Too Bad to be Genius

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“If you don’t cheat, life will cheat on you.” This is the rationalization of those who are caught cheating or who have become congenital cheaters when asked for an explanation on why they persist with their dirty trick.

Close your eyes. Breathe in. It is time to lift the first page of your test booklet and begin conquering the challenge. With a pencil in your hand, shading the best answer…is it possible that you could ace the examination without committing the act of cheating?

A movie inspired by real-life news of students cheating on the SAT was released recently. Nattawut Poonpiriya’s Bad Genius is acknowledged as the highest grossing film iThailand this year, as well as the most profitable Thai film distributed worldwide of all time so far.

Chutimon Chuengcharoensukying in her brilliant acting as Mentor Lynn, a scholar math genius in a prestigious high school, invents a system of hand signals, based on certain piano pieces, and uses them to send answers during examinations. The cheating business rises to international levels, particularly on the STIC exam – standardized test for University admissions, which earns millions of baht.

Bad Genius gives a picture of a school-society with students of unequal status. A straight-A student earns money from letting others copy his answers and uses them for daily living. But, a student from a high status family uses his money to improve his academic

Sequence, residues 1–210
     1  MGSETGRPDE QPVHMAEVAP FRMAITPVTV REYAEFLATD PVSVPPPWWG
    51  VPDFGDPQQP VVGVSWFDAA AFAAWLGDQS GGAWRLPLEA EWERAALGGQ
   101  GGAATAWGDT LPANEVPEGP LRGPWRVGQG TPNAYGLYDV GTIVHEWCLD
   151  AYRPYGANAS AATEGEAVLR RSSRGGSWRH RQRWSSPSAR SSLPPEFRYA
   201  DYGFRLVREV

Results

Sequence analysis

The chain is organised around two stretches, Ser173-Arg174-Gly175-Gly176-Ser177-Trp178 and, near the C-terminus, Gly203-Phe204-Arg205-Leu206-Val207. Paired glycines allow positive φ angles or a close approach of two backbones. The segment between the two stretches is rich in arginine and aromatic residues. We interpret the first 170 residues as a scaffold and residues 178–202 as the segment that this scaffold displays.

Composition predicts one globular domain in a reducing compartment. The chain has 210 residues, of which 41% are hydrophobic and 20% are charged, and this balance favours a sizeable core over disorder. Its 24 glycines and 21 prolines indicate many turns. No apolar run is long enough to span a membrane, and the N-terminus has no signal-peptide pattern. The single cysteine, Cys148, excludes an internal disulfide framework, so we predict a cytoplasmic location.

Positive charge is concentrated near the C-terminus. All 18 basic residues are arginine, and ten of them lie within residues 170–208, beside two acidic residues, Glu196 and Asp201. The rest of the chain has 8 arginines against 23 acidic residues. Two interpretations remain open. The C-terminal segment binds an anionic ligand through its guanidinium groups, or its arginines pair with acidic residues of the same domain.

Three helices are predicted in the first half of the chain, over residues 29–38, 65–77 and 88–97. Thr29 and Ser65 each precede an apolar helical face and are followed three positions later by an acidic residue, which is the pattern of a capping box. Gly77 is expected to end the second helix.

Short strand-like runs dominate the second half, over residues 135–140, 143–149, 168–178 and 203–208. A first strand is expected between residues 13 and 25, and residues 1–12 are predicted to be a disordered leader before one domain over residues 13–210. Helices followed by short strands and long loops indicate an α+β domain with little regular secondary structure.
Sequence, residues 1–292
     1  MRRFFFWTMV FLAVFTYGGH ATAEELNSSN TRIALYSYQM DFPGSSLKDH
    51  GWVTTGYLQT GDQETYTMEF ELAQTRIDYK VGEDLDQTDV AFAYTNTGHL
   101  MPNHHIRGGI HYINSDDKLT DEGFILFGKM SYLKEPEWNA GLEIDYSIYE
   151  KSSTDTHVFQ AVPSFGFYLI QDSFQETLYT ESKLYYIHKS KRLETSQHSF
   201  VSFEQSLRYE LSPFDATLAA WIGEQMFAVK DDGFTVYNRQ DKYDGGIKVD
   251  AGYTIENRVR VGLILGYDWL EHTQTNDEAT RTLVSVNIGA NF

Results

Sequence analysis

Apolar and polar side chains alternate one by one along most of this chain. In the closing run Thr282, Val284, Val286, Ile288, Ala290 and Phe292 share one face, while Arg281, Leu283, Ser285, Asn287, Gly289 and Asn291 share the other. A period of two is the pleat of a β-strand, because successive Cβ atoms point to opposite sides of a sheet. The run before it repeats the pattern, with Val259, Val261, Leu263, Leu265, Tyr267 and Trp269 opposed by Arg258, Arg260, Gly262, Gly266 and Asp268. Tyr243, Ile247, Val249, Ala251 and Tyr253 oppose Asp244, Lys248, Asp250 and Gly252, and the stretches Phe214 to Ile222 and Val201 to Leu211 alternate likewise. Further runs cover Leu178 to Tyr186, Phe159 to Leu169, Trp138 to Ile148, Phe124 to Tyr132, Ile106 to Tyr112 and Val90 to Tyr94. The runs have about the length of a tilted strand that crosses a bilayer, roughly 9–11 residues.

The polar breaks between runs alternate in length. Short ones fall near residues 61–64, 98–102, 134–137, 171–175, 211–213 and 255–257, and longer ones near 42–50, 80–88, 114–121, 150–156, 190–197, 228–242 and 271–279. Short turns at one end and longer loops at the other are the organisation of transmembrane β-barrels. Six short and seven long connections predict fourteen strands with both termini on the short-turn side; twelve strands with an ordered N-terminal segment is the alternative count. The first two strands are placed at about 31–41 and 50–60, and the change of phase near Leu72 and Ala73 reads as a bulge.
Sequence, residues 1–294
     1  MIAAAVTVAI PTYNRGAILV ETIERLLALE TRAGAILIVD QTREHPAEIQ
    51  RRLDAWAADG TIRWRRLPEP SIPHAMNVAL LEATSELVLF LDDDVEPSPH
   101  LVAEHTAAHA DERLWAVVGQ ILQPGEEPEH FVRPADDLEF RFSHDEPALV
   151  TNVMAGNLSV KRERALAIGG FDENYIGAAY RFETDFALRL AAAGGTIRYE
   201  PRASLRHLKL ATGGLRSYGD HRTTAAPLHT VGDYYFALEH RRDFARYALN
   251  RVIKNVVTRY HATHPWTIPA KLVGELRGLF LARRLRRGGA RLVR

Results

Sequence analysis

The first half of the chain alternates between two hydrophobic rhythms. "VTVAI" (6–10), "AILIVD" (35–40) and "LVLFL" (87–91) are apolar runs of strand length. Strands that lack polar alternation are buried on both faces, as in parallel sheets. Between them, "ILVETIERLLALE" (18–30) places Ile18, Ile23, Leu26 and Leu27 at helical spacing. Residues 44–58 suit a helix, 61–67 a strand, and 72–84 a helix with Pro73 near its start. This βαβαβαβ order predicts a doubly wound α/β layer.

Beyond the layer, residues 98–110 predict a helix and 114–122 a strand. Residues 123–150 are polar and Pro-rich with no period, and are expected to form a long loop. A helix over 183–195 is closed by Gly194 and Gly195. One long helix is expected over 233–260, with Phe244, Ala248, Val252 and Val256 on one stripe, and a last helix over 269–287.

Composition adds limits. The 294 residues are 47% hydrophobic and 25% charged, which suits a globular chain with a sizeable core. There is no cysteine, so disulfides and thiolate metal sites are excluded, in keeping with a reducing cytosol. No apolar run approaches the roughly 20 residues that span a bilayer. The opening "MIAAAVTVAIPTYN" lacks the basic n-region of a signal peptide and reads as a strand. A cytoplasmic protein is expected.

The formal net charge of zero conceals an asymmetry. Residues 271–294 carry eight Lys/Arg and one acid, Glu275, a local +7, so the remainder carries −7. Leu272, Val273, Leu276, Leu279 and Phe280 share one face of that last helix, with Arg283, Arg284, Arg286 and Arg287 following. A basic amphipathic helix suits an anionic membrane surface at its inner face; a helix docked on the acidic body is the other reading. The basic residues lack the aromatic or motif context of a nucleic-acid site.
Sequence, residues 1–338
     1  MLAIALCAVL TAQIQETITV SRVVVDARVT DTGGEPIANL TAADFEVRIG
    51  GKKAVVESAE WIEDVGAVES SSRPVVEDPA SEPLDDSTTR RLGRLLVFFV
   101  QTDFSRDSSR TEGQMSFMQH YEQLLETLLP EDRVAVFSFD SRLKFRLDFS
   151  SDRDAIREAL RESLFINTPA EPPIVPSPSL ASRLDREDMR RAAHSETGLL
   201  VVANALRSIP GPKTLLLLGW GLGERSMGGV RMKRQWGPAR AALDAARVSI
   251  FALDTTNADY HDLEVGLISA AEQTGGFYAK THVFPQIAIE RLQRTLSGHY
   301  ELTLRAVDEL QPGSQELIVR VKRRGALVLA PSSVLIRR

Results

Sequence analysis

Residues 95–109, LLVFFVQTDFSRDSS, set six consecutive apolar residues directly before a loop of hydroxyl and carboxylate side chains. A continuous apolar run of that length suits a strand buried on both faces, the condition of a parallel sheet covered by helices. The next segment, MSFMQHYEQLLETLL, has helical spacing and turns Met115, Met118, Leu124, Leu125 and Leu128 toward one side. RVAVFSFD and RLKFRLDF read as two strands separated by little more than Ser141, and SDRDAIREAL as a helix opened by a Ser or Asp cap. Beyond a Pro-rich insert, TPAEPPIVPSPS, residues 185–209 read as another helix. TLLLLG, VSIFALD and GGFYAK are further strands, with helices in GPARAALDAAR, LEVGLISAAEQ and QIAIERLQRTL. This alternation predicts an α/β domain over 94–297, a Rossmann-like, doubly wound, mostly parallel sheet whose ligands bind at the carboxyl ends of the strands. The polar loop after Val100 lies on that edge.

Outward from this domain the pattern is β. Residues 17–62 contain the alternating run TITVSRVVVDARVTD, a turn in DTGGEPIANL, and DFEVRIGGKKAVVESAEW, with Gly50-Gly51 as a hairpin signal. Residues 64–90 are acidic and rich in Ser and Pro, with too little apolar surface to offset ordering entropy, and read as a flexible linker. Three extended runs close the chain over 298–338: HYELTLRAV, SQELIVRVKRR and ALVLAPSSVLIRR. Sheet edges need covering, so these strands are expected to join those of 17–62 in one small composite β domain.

performance while cheating.

Once you get and copy the answer, you feel like it’s over because you finally touched the peak of success. We definitely understand that cheating is against the rule. But the real question is what or who pushes us to commit this contagious but heinous academic crime?

Students cheat for self-satisfaction to obtain a high score. According to Amy Novotney, one of the biggest drivers of cheating in schools is the increasing amount of pressure on students to succeed academically. Maybe some students have high hopes of becoming a part of the academic scholars to put themselves through school. Some students have grade quota or maintaining grade for their courses that if they fall short, they could be transferred to another degree program.

Several studies confirm that students who are more motivated by their peers make them more likely to cheat. Some may say that they do it to be cool and appreciated by other members of the class. Class geeks tended to be more accepted if they would be the geek- type who shares their ideas during examinations.Those that refuse to become tagged as selfish.

The more we expose ourselves to cheating, the more the act transforms into a habit. We become used to it that if we are not able to study before taking an examination, we are most likely to rely on our seatmate’s answers than just leave the answer sheet
blank. Psychological research has also shown that cheating actually changes a person’s sense of right and wrong; hence, after cheating, some students stop viewing the habit of cheating as something wrong.

The movie poses a challenge to everyone. Maybe the movie became a hit, because it is very relatable to many. As students, we’re not always coming in the University prepared for an examination, quiz, or recitation. And this is where the challenge presents
itself. Are you going to panic because you’re close to a dead end? Or would you choose to be “resourceful” and use other sources that might be available? Are you going to be enticed by the temptation and just give in and look at other classmates’ work?

Life is a series of losing and winning; however, in the scheme of the cheating business, everyone could benefit. Again, take a deep breath. Ask yourself. Is cheating really your ticket to have good grades? Is cheating your way to achieve success? Do you consider
yourself great when you are actually just a duplication of another person’s hard work?

Think. Choose. The real world does not condone or reward cheaters. Not all the time.

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